US equity markets hit new highs, treasury yields rise as week is choppy

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  • Wall Street closes at record highs
  • Flash PMI data mixed, COVID concerns hurt outlook
  • Fill up with oil; US Dollar, US Treasury Yields Rise

NEW YORK, July 23 (Reuters) – The three major U.S. stock indexes closed at record highs on Friday after an eventful week in which investors worried about the Delta coronavirus variant and applauded an economic recovery, while that US Treasury yields rose ahead of a Federal Reserve meeting next week.

Megacap tech stocks and positive corporate earnings helped push major US indices up. Yields on U.S. Treasuries were also on the rise, as was the dollar, with investors eyeing next week’s Federal Reserve meeting on clues to the U.S. economic recovery from the COVID-19 pandemic and on when the central bank will withdraw its support to the economy.

“It has certainly been a very good run. So far, it seems justified based on the strong earnings results. We have achieved interest rate stability, which has been helpful. As the economic recovery takes hold. continues, as long as people keep coming out despite the delta variant, we think stocks may go up, ”said Jeff Buchbinder, equity strategist for LPL Financial.“ We think the race will get more bumpy in the second half, but we believe the bull market is continuing. “

The Dow Jones Industrial Average (.DJI) gained 238.2 points, or 0.68%, to close the week at 35,061.55, while the S&P 500 (.SPX) gained 44.31 points, or 1 .01%, at 4,411.79. The Nasdaq Composite (.IXIC) added 152.39 points, or 1.04%, to close at 14,836.99.

The greenback posted a second week of gains on Friday after a few volatile days as risk appetite rose and fell.

The dollar index, which measures the greenback against a basket of six major currencies, was up slightly that day at 92.894. This was a 3.5 month high of 93.194 reached on Wednesday.

For the week, it was up 0.1%, after rising 0.6% previously. Read more

The 10-year T-bill yield hovered around 1.3%, nearly 17 basis points higher than a five-month low set on Tuesday, but still was in the low end of a recent range . The benchmark traded up 2.1 basis points to 1.288% after briefly surpassing 1.3%.

“We are ending the week with a very nice trade, and it is mainly driven by profits and profits especially in stocks that speak to the consumer, which is not a new story but it is a story that adds momentum to trade in the second half of the year, ”said Peter Kenny, founder of Kenny & Co LLC, the parent company of Strategic Board Solutions and Kenny’s Commentary, a political and economic newsletter aimed at subscribers .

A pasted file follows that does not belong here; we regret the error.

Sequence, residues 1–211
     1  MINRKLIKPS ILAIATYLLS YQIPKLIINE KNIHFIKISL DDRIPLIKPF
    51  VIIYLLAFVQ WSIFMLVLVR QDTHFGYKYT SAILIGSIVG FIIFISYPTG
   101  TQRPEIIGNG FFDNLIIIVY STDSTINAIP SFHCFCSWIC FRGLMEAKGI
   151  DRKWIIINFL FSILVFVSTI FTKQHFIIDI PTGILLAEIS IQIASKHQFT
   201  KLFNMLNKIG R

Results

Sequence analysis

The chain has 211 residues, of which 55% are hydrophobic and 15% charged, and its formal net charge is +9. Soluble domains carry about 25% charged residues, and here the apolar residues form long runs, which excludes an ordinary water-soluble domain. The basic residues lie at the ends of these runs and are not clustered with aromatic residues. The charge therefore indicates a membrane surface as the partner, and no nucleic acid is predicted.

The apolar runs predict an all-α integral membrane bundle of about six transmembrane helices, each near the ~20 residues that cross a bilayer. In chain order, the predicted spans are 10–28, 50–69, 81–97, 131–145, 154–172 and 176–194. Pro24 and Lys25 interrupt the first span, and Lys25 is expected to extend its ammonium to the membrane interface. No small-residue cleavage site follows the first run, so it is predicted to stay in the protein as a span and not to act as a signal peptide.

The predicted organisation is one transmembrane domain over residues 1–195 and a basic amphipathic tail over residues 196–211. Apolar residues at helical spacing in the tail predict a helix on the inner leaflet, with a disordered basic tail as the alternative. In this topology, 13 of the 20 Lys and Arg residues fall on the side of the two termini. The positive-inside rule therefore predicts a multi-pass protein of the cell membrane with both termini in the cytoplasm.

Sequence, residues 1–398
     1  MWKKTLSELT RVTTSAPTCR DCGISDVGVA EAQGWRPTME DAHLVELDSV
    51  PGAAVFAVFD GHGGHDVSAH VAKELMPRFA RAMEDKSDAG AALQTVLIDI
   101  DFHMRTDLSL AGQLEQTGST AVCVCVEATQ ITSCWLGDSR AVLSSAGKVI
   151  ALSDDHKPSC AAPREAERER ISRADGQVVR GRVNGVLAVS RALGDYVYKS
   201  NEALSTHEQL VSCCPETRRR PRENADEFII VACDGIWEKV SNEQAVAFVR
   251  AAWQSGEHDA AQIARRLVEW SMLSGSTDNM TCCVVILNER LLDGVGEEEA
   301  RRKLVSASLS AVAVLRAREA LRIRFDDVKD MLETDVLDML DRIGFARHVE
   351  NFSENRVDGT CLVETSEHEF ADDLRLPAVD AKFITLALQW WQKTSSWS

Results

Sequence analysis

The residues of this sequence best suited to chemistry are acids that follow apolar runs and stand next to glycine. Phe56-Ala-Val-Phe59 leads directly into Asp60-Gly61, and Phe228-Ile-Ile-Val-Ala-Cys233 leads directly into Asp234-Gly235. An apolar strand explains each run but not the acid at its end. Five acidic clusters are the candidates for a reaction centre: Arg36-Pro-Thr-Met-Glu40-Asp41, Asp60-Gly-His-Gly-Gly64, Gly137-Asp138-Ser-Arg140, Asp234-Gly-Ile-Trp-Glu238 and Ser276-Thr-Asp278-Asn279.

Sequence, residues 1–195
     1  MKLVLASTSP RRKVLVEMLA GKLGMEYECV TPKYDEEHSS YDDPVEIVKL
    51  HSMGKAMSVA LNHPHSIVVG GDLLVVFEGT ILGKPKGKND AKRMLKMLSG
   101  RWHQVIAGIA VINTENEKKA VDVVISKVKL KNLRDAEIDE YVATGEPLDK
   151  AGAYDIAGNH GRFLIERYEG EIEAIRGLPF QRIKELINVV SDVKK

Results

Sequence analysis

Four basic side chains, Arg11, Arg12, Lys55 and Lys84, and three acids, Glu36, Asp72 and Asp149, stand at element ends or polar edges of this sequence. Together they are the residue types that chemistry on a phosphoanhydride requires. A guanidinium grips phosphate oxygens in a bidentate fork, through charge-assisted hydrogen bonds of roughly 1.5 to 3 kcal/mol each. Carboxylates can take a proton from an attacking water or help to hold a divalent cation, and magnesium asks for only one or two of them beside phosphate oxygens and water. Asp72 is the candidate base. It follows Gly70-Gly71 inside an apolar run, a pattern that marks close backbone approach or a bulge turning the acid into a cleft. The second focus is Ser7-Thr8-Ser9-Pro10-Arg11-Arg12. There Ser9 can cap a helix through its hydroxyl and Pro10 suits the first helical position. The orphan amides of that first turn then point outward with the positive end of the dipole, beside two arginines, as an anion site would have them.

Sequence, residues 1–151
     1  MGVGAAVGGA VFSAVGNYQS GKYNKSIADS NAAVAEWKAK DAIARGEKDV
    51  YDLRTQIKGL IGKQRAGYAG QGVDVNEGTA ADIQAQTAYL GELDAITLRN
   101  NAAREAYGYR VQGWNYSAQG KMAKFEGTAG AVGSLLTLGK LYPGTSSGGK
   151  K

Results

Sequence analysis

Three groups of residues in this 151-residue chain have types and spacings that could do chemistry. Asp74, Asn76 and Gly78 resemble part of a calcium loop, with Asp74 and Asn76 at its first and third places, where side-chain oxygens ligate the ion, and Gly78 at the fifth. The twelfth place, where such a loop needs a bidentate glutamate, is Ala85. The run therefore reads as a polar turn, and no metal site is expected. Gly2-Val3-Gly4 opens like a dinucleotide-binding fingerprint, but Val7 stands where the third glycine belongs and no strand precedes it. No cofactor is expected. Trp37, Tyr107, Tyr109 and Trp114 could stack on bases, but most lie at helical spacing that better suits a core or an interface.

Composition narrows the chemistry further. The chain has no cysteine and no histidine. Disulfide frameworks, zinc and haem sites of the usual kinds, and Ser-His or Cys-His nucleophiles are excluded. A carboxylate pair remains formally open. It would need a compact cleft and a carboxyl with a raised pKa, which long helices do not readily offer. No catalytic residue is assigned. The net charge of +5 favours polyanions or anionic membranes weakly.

After falling earlier in the trading session, oil should end the week slightly higher. Read more

Investors assume that “things will get better, travel is going to increase,” said Steve Massocca, managing director of Wedbush Securities. “There are concerns about the Delta variant.”

Massocca added: “If this thesis is put in jeopardy, it will put a stop to the ‘vertigo’ of the market.”

Some parts of the United States are re-implementing mask warrants due to new cases of COVID-19, while others have not, which is confusing. Read more

Business activity in the United States grew at a moderate pace for a second consecutive month in July amid supply constraints, suggesting a slowdown in economic activity, a report by data firm IHS revealed on Friday. Markit. Read more

Positive corporate earnings helped the stock market. American Express Co (AXP.N) jumped 1.7% after posting better-than-expected second-quarter earnings.

Social media companies Twitter Inc (TWTR.N) and Snap Inc (SNAP.N) gained 3.8% and 24.5% respectively, after their strong results.

Financial markets have swung from one direction to the other this week as investors attempt to assess what the burgeoning Delta variant means for the global economy.

After posting its biggest one-day drop since May on Monday, the S&P 500 stock index posted the biggest one-day jump since March a day later. The currency, bond and commodity markets experienced similar gyrations.

Reporting by Jessica DiNapoli; Additional reporting by Dhara Ranasinghe and Wayne Cole at Syndey; Editing by Ana Nicolaci da Costa, Will Dunham, Pravin Char, Dan Grebler and Raissa Kasolowsky

Our Standards: Thomson Reuters Trust Principles.


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